SPACE RACE: Blue Origin’s New Station Passes Major Hurdle with NASA’s $172M Seal of Approval

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In a groundbreaking move that might as well redefine the term ‘room with a view,’ NASA has inked a deal with Blue Origin, granting them a hefty $172 million to get cracking on a space station not just for astronauts, but for tourists too. Named Orbital Reef, this venture, jointly taken up with Sierra Space, is not your average space-related headline; it’s about making the cosmos accessible, and not just through a telescope lens but possibly through the window of your next holiday suite. Let’s dive into what’s making Orbital Reef not just a future destination but a beacon of human achievement in space habitation.

Jeff Bezos’ Blue Origin and Sierra Space, in their ambitious endeavor Orbital Reef, have been making significant strides, passing not one, but four critical technological milestones. These advancements aren’t just fancy tech jargon; they’re the backbone of creating a self-sustaining environment in the vacuum of space.

Imagine a place where even your urine doesn’t go to waste, pun intended. Yes, you read that right.

Among these milestones, a system to recycle urine into something usable is making waves, because let’s face it, water’s a luxury commodity up there.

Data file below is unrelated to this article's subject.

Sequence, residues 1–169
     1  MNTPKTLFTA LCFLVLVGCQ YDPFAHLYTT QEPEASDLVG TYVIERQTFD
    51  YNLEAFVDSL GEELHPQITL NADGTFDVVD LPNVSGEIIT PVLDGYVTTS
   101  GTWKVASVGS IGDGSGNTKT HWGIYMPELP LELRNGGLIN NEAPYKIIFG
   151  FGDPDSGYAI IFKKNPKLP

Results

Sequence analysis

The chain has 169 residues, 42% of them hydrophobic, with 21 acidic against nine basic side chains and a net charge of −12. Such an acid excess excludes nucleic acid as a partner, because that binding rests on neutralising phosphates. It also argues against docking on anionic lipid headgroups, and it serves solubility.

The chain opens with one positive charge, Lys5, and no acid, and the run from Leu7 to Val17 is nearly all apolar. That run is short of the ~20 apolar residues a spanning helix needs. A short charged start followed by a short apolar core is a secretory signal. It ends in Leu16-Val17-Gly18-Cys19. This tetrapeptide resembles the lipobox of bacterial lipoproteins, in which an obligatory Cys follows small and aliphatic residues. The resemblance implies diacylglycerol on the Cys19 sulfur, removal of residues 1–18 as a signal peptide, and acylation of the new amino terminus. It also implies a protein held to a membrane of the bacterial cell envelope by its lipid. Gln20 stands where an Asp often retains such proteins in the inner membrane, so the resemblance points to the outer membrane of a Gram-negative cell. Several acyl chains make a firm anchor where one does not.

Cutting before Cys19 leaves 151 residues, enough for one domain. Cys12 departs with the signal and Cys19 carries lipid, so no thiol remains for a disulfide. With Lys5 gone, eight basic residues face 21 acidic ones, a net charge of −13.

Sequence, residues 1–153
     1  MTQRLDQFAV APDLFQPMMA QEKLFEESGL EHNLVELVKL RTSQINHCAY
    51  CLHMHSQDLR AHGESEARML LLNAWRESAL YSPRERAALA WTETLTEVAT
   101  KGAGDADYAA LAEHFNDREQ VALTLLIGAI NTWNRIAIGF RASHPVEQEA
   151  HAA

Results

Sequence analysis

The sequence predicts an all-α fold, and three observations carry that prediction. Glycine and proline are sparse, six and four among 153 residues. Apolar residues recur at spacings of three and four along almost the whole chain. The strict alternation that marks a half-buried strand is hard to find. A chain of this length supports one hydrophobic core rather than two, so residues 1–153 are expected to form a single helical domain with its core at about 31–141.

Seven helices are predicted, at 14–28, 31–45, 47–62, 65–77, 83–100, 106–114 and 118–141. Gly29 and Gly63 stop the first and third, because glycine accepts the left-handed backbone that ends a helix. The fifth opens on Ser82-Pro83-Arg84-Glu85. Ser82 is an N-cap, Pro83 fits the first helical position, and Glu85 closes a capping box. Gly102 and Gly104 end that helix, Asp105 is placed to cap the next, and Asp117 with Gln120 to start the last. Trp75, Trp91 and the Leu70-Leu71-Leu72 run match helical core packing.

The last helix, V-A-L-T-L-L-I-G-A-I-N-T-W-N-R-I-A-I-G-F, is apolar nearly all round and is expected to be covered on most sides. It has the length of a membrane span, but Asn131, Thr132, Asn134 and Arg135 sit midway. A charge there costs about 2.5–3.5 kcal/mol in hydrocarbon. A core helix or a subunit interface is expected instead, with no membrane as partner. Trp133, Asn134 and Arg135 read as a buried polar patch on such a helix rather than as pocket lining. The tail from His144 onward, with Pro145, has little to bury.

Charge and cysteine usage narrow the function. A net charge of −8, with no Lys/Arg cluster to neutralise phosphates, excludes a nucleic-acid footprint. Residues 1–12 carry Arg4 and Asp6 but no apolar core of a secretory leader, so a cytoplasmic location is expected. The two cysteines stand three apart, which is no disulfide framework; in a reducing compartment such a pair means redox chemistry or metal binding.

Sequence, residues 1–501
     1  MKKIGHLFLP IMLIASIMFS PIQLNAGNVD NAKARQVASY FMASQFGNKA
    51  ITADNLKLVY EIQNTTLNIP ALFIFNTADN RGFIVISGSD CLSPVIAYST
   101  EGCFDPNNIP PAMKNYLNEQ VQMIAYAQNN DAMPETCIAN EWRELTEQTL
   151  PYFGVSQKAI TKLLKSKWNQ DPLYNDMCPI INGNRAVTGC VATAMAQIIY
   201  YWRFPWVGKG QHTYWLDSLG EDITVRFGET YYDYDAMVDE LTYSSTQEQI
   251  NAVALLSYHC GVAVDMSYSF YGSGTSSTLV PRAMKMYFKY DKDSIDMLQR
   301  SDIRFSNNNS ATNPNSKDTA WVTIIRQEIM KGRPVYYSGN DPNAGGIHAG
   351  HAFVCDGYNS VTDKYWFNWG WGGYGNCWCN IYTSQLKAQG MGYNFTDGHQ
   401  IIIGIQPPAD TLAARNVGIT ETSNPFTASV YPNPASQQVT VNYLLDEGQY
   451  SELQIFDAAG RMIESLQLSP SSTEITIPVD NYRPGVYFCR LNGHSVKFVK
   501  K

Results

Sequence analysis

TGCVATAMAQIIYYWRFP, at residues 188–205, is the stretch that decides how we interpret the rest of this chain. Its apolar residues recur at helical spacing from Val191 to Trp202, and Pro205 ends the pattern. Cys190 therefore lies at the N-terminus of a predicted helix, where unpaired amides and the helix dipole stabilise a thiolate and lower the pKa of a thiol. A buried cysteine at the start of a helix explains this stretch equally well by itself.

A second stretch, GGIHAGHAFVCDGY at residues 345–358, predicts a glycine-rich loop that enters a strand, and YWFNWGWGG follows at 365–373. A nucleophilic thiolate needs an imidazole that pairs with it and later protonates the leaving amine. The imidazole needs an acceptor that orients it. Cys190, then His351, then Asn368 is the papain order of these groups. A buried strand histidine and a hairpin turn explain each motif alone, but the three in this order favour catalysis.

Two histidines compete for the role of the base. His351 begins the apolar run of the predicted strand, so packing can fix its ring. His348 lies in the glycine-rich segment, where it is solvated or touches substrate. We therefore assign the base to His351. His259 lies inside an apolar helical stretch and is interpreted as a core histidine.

Diving deeper into the specifics, Orbital Reef’s success isn’t just in making sure humans can live off their own waste. The venture has proudly passed rigorous tests for air purification, urine recycling, and maintaining water tanks in the harsh environs of space. This isn’t just about survival; it’s about creating a livable, breathable atmosphere that, frankly, sounds like it could give some Earth-based establishments a run for their money.

Behind the scenes of these technological marvels is NASA’s vision. The space agency is looking to hand over the keys to the lower Earth orbit real estate to private enterprises like Orbital Reef.

Why, you ask? Cost efficiency, and a keen eye on the prize – getting humans back on the Moon and marching towards Mars.

The current state of the International Space Station (ISS), with its aging bones showing cracks, air leaks, and system failures, makes NASA’s pivot towards commercial space stations not just sensible, but critical.

The political arena is also playing its part in this cosmic shift. With the Biden administration throwing its weight behind keeping the ISS alive and kicking until at least 2030, there’s a clear timeframe for this transition to privately-owned space habitats to take place. It’s a race against time, and decay, to ensure humanity has a foot (or a space boot) firmly placed in space.

Now, for the elephant in the room – the cost of a ticket on this cosmic cruise. While the exact price tag for a stay at the Orbital Reef is still up in the air, speculation suggests it might orbit around the current costs of space tourism offered by Blue Origin’s New Shepard rocket ventures. It’s a waiting game for those dreaming of sipping their morning coffee while floating over the blue marble.

In essence, the Orbital Reef project, backed by NASA’s not-so-small fortune and driven by the vision of companies like Blue Origin and Sierra Space, is setting the stage for the next chapter in space exploration. One where the stars aren’t just points of light in the night sky, but potential next-door neighbors.

As we inch closer to making space tourism an everyday affair, it’s hard not to dream of the possibilities. Who knows, the next family vacation could very well be in orbit.

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